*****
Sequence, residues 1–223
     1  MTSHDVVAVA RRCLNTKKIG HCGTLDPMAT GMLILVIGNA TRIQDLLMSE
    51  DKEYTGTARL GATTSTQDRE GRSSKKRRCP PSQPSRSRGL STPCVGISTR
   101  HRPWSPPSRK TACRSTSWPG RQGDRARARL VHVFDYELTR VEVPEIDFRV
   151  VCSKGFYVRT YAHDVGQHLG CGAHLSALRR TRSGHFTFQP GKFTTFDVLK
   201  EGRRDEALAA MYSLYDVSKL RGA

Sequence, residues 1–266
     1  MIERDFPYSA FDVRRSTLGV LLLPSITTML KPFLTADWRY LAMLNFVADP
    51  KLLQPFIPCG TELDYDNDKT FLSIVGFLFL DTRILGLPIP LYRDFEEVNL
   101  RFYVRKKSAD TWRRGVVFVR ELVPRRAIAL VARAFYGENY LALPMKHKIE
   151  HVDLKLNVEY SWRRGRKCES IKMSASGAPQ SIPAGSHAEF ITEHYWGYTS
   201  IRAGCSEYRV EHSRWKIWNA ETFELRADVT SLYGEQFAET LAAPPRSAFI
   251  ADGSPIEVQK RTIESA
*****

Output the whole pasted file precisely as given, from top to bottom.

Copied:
Sequence, residues 1–223
     1  MTSHDVVAVA RRCLNTKKIG HCGTLDPMAT GMLILVIGNA TRIQDLLMSE
    51  DKEYTGTARL GATTSTQDRE GRSSKKRRCP PSQPSRSRGL STPCVGISTR
   101  HRPWSPPSRK TACRSTSWPG RQGDRARARL VHVFDYELTR VEVPEIDFRV
   151  VCSKGFYVRT YAHDVGQHLG CGAHLSALRR TRSGHFTFQP GKFTTFDVLK
   201  EGRRDEALAA MYSLYDVSKL RGA

Sequence, residues 1–266
     1  MIERDFPYSA FDVRRSTLGV LLLPSITTML KPFLTADWRY LAMLNFVADP
    51  KLLQPFIPCG TELDYDNDKT FLSIVGFLFL DTRILGLPIP LYRDFEEVNL
   101  RFYVRKKSAD TWRRGVVFVR ELVPRRAIAL VARAFYGENY LALPMKHKIE
   151  HVDLKLNVEY SWRRGRKCES IKMSASGAPQ SIPAGSHAEF ITEHYWGYTS
   201  IRAGCSEYRV EHSRWKIWNA ETFELRADVT SLYGEQFAET LAAPPRSAFI
   251  ADGSPIEVQK RTIESA